/naw"geuh tuk'/, n.a city in central Connecticut. 26,456.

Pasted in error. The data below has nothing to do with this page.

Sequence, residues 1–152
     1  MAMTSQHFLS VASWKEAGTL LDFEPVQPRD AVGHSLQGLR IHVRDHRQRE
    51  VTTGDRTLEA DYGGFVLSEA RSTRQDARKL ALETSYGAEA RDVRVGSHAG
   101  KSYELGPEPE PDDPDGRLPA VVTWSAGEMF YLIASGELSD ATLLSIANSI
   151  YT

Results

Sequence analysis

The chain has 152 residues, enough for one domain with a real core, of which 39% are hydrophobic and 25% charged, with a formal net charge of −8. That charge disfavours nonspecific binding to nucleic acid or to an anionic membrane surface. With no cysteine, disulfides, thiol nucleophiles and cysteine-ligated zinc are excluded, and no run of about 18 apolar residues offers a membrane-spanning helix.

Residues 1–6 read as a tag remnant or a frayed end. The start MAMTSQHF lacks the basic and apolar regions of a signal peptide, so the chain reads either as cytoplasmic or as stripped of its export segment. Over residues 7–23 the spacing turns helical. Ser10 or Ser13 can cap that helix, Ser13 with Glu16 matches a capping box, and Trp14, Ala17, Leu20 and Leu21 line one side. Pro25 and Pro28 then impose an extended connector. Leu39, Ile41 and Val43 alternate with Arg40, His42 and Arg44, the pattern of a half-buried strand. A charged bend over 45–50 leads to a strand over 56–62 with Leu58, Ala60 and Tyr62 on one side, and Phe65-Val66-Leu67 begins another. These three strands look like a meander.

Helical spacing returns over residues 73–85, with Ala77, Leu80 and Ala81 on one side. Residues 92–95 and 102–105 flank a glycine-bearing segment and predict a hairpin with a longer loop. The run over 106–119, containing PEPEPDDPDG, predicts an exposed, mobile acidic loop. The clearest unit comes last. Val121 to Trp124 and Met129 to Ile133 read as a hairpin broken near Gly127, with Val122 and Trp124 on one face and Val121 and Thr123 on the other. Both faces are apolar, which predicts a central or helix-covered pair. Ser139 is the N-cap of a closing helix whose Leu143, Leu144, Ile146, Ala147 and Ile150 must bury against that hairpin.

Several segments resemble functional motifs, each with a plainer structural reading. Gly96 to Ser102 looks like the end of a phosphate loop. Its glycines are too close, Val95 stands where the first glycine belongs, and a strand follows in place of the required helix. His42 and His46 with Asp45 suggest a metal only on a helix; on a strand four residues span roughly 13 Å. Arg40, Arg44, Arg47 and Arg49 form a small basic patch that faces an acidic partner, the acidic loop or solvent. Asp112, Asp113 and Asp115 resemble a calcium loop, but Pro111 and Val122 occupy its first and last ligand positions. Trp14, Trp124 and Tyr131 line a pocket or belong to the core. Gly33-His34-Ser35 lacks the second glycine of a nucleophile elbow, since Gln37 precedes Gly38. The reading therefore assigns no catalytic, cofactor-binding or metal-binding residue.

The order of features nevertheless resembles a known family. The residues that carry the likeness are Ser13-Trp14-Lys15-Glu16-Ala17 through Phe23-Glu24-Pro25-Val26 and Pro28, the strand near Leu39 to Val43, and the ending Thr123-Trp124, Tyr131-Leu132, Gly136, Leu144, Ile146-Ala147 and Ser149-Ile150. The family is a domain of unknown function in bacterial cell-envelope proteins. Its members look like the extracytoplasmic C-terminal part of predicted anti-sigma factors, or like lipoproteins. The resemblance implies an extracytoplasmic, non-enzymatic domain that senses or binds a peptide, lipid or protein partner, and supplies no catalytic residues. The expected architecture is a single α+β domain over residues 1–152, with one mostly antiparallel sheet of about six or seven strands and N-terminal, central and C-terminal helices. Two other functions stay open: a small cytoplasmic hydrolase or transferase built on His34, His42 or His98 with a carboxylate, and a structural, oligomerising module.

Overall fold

* * *town (township) and borough, New Haven county, southwestern Connecticut, U.S. It lies along the Naugatuck River just south of Waterbury. (Waterbury)Settled as early as 1702 by Samuel Hickox from Waterbury, the locality was called Judd's Meadows and, later, in 1734, South Farms. Following the organization of the Salem Ecclesiastical Society there in 1773, the locality was called Salem Bridge until it was incorporated from parts of Waterbury, Bethany, and Oxford as the town of Naugatuck (Algonquian: “One Large Tree,” in reference to a landmark tree) in 1844. The industrial borough of Naugatuck (established 1893) became coextensive with the town in 1895. Naugatuck includes Union City and part of the Naugatuck State Forest.Abundant waterpower led to an early transition from farming to manufacturing, and the town's basic rubber industry was established in 1843 by Charles Goodyear (Goodyear, Charles), who perfected the vulcanization process. The economy is now well diversified to include the production of chemicals, plastics, metals, and candy. Area 17 square miles (43 square km). Pop. (1990) 30,625; (2000) 30,989.
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